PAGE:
that arise. Trust they are natural and pay attention to
any issues that might require support or counseling. It
is important to stay on top of your emotions and be
honest with yourself during this time. Don't sweep
things under the rug.
planning can be a crisis.
There is so much focus on the external experience that a
bride can become mired in details and demands and lose
track of herself and the reason she is getting married
in the first place. When she feels that planning the
wedding of her dreams means going to battle – with
parents, family, friends, groom, and almost anyone
involved – she becomes hostile and reactive. What began
as a joyful experience turns into a fight … a fight for
having the perfect wedding. It is exhausting and can
turn even sweet tempered people can turn mean and
Wedding Goddess Solution: Remember that the true
meaning of marriage is to bring two together in sacred
union – the party is meant to be a celebration not
something that will kill your spirit in the planning.
When two people in love literally step up to commit
themselves to one another in matrimony they have the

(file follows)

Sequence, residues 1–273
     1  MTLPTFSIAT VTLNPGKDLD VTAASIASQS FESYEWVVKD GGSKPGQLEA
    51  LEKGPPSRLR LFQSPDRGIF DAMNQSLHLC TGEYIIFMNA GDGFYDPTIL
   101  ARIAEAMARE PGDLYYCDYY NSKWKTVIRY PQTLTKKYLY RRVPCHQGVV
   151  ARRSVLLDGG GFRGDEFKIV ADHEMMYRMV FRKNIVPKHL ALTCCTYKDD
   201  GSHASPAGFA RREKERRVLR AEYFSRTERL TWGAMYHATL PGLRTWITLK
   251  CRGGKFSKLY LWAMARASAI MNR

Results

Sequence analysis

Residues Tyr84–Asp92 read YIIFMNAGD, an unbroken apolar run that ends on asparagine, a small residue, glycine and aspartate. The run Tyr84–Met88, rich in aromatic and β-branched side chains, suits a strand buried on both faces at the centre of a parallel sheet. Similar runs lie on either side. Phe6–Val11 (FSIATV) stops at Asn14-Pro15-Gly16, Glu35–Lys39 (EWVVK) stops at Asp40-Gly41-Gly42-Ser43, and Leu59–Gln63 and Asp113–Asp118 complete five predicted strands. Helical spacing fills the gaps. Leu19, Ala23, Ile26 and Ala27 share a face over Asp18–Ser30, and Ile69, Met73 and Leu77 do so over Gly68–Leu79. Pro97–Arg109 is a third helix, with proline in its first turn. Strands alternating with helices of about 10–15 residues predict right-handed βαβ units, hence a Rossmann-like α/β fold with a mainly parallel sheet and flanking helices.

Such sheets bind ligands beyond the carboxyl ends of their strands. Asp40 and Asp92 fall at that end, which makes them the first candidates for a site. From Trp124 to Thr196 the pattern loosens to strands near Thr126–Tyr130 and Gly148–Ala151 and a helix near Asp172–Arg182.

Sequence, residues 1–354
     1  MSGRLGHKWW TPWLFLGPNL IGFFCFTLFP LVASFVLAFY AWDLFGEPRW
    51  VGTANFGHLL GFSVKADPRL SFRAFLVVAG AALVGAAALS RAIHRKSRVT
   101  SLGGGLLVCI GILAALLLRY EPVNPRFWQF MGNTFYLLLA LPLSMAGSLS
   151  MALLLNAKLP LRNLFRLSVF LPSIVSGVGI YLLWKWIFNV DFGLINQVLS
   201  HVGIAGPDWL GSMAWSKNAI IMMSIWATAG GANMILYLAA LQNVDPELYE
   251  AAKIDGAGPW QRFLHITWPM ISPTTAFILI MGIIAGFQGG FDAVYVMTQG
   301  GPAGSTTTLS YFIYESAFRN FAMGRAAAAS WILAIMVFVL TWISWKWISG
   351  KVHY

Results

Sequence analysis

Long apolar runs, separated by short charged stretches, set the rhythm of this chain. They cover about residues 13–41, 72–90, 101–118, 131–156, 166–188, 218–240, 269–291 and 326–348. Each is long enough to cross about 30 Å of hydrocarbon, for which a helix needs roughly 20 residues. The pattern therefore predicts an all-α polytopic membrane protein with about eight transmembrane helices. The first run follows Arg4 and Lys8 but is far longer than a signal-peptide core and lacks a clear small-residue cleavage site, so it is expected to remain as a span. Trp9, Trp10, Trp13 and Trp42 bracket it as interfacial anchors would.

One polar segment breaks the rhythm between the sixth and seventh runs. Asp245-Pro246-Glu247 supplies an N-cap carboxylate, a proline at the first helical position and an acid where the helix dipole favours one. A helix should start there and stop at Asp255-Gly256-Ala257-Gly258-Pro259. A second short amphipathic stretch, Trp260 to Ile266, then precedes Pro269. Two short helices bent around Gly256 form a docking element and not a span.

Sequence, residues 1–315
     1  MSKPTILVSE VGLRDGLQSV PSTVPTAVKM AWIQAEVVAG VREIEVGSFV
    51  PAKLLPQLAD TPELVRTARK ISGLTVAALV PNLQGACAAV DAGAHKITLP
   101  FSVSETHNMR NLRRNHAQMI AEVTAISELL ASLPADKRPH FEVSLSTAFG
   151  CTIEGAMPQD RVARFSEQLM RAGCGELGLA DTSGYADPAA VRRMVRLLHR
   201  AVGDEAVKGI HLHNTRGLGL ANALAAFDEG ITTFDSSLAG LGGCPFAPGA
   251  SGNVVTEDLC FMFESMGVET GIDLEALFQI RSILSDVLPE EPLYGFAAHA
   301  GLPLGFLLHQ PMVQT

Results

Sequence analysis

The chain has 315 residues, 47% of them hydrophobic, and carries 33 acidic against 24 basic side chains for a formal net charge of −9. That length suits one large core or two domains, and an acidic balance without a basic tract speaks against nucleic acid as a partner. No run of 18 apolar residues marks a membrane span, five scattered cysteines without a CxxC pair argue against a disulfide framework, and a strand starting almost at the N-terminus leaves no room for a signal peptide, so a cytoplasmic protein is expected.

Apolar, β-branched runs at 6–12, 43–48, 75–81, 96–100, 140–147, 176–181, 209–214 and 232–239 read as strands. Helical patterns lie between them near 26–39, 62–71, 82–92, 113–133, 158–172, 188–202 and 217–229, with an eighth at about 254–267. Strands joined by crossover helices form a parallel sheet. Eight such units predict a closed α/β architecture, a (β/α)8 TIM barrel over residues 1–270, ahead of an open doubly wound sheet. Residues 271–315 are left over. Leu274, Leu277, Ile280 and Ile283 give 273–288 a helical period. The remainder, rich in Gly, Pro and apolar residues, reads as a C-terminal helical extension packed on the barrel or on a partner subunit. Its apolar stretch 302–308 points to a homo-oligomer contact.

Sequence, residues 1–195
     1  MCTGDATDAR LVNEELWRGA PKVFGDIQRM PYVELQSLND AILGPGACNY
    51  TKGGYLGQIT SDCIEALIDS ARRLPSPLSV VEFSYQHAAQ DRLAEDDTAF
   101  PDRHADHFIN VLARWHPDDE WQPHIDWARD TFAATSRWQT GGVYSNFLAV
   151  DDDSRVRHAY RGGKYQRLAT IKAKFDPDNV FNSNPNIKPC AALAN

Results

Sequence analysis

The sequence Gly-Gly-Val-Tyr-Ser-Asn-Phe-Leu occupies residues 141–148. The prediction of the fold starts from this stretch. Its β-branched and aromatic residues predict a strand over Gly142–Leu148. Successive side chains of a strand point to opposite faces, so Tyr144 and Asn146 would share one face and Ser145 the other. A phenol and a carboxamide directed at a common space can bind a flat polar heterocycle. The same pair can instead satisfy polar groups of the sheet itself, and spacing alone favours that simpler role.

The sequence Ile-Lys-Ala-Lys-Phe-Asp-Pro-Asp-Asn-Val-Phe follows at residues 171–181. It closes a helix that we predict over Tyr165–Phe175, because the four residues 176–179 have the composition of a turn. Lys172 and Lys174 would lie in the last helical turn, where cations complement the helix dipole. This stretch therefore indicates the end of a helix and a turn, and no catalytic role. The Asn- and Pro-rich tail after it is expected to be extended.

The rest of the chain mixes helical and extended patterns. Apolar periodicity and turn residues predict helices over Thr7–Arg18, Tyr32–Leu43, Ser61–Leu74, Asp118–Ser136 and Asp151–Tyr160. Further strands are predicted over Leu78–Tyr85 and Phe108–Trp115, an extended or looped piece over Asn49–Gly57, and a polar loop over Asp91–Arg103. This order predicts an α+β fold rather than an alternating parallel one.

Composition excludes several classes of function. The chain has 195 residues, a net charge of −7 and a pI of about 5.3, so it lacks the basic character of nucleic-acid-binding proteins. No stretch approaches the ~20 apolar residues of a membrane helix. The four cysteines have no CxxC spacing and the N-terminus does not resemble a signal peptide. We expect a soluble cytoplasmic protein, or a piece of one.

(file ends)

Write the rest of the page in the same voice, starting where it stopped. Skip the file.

opportunity to unite not just their hearts, lives and
families, but to unite their very beings. And it is not
just the couple that benefits from the ceremony – anyone
who witnesses a wedding can be empowered and inspired by
the love in the room. Focus on the love and remember it
is always your aim.
5. Your happiness in life DOES NOT hinge on your wedding
alone (it really doesn't ... so lighten up!) Some
brides believe that they must have a perfect wedding in
order to have a perfect marriage and a perfect life.
They give the wedding day too much power. They begin to
treat the wedding itself as something to be worshipped
and served. There is an underlying fear that if
something goes wrong with the wedding, it is a sign that
will make or break the marriage. Our culture places a
tremendous emphasis on having a great wedding and not
enough focus on having an awesome marriage. It's okay to
be temporarily obsessed and to yearn for the perfect
wedding -- we all go there at some point -- but you have
to keep your eye on what's truly important.
Wedding Goddess Solution: Step back and realize, the
most important part of the day is not the day itself ...
but that you walked down that aisle and into the arms of
the person you love … the one you look forward to